"This is a building block for the United States to conduct manned space flight again," Garcia said.

The ship is named for Arlington County, Va., home of the Pentagon, in honor of the 184 victims and heroes who lost their lives during the terrorist attack there on 9-11.

Arlington is the eighth in Navy's San Antonio class of ships, designed to be the most survivable amphibious vessels ever put to sea. The third in the U.S. fleet to bear the name, Arlington was be commissioned on April 6, 2013. The ship combines 21st century amphibious shipbuilding and warfighting technologies to support current and future

Marine Corps aircraft and landing craft, and will be capable of taking nearly 1,200 Sailors and Marines into harm's way.

Maritime Today

The Maritime Industry's original and most viewed E-News Service

Maritime Reporter November 2015 Digital Edition
FREE Maritime Reporter Subscription
Latest Maritime News    rss feeds


Bill on Danish Maritime Planning Submitted

The bill is to form the basis of a maritime planning act intended to promote economic growth and development of sea areas. The Danish Maritime Authority is to head the work.

Seaspan Implements ECO Insight solution

Seaspan Ship Management Ltd. will implement the DNV GL fleet performance management solution ECO Insight to improve their fleet monitoring. ECO Insight will

New Appointments at Becker Marine Systems USA

Becker Marine Systems USA continues growth in North America. Becker Marine Systems, the leader in rudder technology and the inventor of the Becker Mewis Duct


North Korea Submarine-Launch Missile a Flop Show

North Korea apparently failed to launch a ballistic missile from a submarine in a sign that Pyongyang has yet to master the technology, Yonhap news agency quoted a government official as saying.

Maersk to Idle Vessel

The world's biggest container-ship operator Maersk Line  has confirmed market talk that it has temporarily idled one of its largest vessels - yet another sign that the industry is in dire straits,

Russian Navy Trying Hard for Facelift

Official announcements related to naval shipbuilding give the appearance of a Russian Navy that is undergoing a rapid revival. However, the reality is that many


Panama-Registered Ship Sinks off Vigan City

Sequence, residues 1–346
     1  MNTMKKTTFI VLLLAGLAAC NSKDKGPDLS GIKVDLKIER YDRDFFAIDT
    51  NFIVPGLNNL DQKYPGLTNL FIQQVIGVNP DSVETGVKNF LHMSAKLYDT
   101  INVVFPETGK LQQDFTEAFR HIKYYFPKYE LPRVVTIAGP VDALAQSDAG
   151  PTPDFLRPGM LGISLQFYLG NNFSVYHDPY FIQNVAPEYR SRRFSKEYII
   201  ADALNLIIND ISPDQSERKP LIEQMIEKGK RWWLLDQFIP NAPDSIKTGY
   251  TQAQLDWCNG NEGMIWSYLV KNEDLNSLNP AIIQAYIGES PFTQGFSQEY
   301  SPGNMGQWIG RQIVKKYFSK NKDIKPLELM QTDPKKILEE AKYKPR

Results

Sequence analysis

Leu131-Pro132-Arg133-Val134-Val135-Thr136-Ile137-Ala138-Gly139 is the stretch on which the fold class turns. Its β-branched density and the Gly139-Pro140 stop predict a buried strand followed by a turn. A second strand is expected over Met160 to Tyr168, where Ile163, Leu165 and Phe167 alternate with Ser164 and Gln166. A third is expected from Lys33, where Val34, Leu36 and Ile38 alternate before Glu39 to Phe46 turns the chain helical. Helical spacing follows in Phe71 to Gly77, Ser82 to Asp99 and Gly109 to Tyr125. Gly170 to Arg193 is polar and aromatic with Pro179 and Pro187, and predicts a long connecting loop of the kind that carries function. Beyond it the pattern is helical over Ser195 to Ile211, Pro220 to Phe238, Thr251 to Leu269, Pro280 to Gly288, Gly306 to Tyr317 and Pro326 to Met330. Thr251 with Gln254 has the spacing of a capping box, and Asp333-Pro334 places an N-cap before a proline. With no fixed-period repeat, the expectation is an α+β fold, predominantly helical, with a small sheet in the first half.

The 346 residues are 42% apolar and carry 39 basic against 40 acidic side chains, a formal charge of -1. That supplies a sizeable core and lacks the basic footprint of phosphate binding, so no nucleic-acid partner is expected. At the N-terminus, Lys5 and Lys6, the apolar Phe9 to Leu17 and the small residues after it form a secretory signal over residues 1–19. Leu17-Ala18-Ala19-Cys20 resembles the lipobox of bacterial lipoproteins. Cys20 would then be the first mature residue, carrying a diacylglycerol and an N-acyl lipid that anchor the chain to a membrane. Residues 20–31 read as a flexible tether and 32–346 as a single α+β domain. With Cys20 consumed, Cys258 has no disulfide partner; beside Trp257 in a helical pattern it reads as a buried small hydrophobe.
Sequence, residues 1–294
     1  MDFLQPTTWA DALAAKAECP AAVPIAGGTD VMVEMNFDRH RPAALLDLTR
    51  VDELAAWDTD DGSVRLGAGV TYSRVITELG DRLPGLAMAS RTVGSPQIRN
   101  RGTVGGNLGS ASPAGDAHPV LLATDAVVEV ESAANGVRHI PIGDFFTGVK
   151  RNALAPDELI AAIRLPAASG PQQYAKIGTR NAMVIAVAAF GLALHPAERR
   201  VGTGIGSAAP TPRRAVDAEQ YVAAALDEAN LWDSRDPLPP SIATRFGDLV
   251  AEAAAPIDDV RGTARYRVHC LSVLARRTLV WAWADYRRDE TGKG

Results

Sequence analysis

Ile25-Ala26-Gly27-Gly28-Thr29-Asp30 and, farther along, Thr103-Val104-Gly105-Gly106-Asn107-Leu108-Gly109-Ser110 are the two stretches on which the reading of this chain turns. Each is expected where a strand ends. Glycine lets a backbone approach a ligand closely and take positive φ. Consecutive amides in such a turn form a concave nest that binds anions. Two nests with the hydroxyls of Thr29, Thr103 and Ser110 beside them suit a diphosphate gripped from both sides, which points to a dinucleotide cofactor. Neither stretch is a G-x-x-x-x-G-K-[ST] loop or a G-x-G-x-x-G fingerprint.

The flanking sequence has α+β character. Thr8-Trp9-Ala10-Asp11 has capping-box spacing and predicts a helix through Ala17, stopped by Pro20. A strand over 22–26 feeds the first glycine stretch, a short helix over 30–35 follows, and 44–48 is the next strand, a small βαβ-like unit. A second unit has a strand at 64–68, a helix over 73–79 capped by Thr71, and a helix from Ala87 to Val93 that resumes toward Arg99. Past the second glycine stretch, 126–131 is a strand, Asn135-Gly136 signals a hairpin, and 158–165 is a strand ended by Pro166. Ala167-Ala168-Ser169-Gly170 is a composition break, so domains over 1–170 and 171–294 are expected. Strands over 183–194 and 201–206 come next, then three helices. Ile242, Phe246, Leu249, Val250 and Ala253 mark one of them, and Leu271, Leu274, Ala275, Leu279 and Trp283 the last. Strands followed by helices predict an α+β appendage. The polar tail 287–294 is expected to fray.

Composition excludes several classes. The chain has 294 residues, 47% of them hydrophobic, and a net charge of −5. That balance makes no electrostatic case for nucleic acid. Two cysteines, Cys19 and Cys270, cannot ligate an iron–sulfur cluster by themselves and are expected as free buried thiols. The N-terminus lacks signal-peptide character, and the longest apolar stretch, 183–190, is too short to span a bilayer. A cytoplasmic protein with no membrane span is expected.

A Panamanian cargo vessel MV Fortune Life sank off the coast 130 nautical off Vigan City in Ilocos Sur, Philippine Coast Guard (PCG), uthorities said.   The

Lightering Operations Begin for Sunken Lake Barge

Lightering operations has begunn for the  tanker barge Argo sunken in Lake Erie as Unified Command responders took advantage of a favorable weather window, the U.

British Forces Assist Stricken Cruise Liner

Military assets deployed in support of Falkland Island government in cruise ship rescue. In support of the Falkland Island Government, British forces based in

Underwater Engineering

Fugro's Havila Harmony to join MH370 Search

Fugro is providing an additional vessel, the Havila Harmony, to join the search for the missing flight MH370 in the southern Indian Ocean. From the 93-metre multi-role vessel,

Ship Conversion: Offshore Survey Vessel to Become a Flotel

Dutch shipowner C-Bed has contracted Wärtsilä Ship Design to supply the design for rebuilding its Seismic Survey Vessel, the Viking II, for use as a hotel vessel

Largest Underwater CO2 Release from Pipeline - DNV GL

Carbon capture, utilisation and storage (CCUS) is gaining momentum to meet stringent climate change goals and secure energy supplies for the future. To fully

Maritime Careers / Shipboard Positions Maritime Contracts Maritime Security Maritime Standards Navigation Pod Propulsion Ship Electronics Shipbuilding / Vessel Construction Sonar Winch
rss | archive | history | articles | privacy | contributors | top maritime news | about us | copyright | maritime magazines
maritime security news | shipbuilding news | maritime industry | shipping news | maritime reporting | workboats news | ship design | maritime business

Time taken: 0.0984 sec (10 req/sec)